Scipio's Return To Rome
When he thought the right time had come he drew
Decisive victory of Scipio.
out [the velites]1
to oppose those of the
enemy who occupied the foot of the hills;
while against those who had descended
into the valley he led his main force from the camp in four
cohorts, and attacked the infantry. Caius Laelius at the
same time made a detour with the cavalry by the hills, which
stretched from the camp to the valley, and charged the enemy's
horse on the rear; and so kept them occupied with fighting
him. The enemy's infantry therefore, being thus deprived of
the support of the cavalry, on which they had relied in
descending into the valley, were distressed and overmatched
in the battle; while their cavalry was in much the same plight:
for, being surprised on ground of insufficient extent, they fell
into confusion, and lost more men by hurting each other than
by the hands of the enemy; for their own infantry was pressing
upon their flank, and the enemy's infantry on their front, while
his cavalry were attacking on their rear. The battle having
taken this course, the result was that nearly all those who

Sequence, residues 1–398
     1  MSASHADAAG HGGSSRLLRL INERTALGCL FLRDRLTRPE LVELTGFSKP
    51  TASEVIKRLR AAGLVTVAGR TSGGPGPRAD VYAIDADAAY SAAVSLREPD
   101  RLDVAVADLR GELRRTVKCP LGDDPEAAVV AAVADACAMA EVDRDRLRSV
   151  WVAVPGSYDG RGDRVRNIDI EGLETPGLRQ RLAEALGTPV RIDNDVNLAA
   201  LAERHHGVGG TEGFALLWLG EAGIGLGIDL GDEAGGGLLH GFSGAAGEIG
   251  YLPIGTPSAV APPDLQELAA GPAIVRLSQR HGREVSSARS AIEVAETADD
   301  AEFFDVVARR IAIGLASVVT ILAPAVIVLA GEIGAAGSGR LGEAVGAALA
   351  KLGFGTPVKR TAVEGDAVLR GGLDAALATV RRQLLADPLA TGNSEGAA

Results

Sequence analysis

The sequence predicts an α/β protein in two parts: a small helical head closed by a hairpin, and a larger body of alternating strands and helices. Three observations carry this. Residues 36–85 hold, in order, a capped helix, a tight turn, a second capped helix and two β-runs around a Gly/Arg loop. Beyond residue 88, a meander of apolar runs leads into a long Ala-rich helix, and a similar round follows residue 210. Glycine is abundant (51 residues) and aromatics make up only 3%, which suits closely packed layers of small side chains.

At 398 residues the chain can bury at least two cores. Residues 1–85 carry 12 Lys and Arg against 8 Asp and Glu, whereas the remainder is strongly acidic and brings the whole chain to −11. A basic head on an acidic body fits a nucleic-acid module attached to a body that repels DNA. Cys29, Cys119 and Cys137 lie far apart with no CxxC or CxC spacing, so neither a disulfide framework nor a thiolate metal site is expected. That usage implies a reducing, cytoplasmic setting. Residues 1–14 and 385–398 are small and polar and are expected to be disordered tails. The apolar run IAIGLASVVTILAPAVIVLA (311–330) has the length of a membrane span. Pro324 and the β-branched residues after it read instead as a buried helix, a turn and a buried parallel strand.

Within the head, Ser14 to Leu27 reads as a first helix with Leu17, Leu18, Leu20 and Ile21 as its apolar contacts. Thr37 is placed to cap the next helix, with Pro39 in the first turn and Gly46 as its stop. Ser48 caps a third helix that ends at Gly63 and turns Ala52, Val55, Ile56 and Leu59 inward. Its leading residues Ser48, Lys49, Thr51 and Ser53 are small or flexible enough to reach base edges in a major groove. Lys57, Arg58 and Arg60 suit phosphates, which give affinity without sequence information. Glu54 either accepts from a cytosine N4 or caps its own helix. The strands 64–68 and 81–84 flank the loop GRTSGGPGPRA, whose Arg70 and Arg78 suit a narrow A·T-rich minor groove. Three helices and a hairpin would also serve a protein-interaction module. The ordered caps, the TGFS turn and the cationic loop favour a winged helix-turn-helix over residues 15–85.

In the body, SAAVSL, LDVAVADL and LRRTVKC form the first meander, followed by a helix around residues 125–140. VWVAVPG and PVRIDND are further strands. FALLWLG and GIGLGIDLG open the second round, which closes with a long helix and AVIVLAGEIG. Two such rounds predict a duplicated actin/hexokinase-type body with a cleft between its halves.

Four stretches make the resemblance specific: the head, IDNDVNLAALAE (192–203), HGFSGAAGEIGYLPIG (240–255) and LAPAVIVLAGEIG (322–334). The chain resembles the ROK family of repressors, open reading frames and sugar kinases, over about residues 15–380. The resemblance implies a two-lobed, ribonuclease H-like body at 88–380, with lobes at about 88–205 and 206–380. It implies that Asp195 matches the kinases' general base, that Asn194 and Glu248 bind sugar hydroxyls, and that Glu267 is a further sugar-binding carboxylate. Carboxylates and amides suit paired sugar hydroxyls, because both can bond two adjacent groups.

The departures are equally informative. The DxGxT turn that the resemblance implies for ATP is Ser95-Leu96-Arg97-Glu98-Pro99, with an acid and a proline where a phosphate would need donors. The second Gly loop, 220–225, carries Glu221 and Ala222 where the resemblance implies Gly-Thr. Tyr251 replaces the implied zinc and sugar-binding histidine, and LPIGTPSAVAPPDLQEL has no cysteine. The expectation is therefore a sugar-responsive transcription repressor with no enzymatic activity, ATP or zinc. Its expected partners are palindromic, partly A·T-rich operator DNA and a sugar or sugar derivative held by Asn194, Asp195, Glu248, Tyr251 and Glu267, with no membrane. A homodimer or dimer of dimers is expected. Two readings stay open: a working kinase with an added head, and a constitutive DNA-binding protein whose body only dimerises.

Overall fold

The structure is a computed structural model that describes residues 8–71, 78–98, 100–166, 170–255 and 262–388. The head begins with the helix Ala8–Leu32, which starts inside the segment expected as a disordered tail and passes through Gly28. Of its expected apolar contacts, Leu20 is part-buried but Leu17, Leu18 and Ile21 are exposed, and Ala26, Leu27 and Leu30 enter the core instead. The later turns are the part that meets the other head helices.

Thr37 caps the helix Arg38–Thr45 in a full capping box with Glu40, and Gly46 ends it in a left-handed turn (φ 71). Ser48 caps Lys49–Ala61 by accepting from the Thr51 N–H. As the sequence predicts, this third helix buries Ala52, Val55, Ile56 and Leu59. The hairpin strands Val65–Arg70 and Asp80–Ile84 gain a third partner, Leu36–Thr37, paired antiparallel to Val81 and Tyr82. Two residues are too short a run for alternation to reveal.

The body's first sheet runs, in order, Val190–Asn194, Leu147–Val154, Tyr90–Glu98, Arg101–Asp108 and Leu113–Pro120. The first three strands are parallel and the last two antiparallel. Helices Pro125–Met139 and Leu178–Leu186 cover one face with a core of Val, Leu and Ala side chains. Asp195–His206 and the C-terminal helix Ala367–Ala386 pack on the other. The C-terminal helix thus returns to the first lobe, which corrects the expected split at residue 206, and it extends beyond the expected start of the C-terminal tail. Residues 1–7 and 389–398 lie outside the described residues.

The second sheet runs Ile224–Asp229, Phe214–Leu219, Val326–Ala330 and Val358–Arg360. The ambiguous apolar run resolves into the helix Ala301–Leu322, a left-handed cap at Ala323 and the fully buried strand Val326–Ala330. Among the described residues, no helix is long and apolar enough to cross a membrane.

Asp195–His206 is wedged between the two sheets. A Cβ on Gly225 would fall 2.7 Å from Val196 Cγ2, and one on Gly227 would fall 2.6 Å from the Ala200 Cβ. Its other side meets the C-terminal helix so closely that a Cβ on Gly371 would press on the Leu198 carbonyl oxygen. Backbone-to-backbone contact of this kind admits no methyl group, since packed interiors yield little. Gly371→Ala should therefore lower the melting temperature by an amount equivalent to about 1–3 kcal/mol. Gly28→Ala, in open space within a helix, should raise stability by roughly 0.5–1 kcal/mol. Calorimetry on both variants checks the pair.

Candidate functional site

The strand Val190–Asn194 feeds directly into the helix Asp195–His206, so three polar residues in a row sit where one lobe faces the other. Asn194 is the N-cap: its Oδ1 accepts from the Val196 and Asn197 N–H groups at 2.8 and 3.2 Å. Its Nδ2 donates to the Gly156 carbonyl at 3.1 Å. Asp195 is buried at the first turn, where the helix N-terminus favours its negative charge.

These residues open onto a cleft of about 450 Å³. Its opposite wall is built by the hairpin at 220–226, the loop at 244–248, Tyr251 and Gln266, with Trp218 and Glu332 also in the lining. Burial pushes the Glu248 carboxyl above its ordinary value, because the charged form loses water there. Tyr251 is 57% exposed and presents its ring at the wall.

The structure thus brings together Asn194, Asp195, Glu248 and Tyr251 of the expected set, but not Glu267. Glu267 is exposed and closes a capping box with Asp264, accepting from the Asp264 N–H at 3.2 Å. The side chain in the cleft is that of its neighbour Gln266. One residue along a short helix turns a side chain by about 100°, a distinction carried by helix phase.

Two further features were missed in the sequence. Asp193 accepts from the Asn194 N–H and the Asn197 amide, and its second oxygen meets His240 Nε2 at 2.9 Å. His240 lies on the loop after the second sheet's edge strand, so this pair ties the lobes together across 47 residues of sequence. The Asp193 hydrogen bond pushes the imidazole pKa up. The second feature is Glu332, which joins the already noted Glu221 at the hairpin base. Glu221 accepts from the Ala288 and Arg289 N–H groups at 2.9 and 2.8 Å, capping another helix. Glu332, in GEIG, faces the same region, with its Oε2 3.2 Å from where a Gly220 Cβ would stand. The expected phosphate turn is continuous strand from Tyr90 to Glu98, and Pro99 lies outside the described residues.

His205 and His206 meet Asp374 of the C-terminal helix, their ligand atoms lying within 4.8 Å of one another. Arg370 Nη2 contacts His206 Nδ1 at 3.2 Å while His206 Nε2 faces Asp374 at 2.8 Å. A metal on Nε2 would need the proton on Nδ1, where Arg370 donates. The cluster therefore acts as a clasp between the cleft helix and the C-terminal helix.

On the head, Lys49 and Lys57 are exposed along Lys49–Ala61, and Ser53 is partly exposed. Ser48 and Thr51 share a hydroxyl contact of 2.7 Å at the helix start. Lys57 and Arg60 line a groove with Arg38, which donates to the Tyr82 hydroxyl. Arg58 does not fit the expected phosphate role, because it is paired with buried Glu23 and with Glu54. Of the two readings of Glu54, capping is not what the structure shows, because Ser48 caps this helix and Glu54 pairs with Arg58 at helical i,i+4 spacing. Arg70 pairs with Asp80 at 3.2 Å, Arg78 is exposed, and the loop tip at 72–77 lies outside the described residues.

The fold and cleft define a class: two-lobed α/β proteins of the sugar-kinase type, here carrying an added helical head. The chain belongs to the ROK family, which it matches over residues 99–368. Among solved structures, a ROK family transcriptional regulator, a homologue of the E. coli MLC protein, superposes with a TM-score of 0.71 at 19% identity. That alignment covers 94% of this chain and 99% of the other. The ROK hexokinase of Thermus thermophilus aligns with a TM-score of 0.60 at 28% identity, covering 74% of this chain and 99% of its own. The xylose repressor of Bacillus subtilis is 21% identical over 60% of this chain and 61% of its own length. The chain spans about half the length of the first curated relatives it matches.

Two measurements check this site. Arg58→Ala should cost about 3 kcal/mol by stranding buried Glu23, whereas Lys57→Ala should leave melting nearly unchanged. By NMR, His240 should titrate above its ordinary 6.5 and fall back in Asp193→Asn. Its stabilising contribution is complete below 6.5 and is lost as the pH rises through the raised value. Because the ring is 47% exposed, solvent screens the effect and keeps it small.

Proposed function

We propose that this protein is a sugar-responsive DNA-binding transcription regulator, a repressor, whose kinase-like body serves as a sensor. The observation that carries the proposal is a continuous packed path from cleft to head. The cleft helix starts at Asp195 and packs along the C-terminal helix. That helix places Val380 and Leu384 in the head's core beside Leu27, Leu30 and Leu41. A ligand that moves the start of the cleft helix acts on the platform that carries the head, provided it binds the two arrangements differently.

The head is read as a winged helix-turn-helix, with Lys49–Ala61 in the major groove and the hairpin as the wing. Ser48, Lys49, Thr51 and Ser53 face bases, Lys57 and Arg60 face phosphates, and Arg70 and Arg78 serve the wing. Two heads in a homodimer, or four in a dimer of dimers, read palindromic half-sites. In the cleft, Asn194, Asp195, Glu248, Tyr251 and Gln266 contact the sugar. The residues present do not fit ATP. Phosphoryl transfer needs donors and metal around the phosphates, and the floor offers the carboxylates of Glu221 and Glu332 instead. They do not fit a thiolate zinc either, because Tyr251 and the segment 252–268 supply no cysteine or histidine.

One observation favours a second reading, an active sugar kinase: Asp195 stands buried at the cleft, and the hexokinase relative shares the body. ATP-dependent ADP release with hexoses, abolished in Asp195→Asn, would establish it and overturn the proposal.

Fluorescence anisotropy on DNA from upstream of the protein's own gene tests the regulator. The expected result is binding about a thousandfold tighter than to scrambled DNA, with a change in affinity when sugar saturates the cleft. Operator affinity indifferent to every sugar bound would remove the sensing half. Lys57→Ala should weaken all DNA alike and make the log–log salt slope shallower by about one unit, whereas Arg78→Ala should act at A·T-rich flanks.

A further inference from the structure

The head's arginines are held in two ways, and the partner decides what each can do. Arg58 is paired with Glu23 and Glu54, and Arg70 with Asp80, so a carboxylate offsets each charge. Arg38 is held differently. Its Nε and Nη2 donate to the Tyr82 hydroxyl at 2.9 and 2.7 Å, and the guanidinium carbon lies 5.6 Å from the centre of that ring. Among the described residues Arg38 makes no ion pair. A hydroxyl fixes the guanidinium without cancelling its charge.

had descended into the valley lost their lives; while those who
had been stationed on the foot of the hills managed to escape.
These last were the light-armed troops, and formed about a
third of the whole army: with whom Andobales himself contrived to make good his escape to a certain stronghold of great
security. . . .
By further operations in this year, B. C. 206, Scipio had
compelled Mago to abandon Spain: and towards the winter the
Roman army went into winter-quarters at Tarraco.
Having thus put a finishing stroke to his campaigns in
Scipio returns to Rome in the autumn of B. C. 206.
, Scipio arrived at Tarraco
in high spirits,
bringing with him the materials of a brilliant
triumph for himself, and a glorious victory for
his country. But being anxious to arrive in
before the consular elections, he arranged for the government
having put the army into the hands of
Junius Silanus and L. Marcius, embarked with Caius Laelius
and his other friends for Rome
. . . .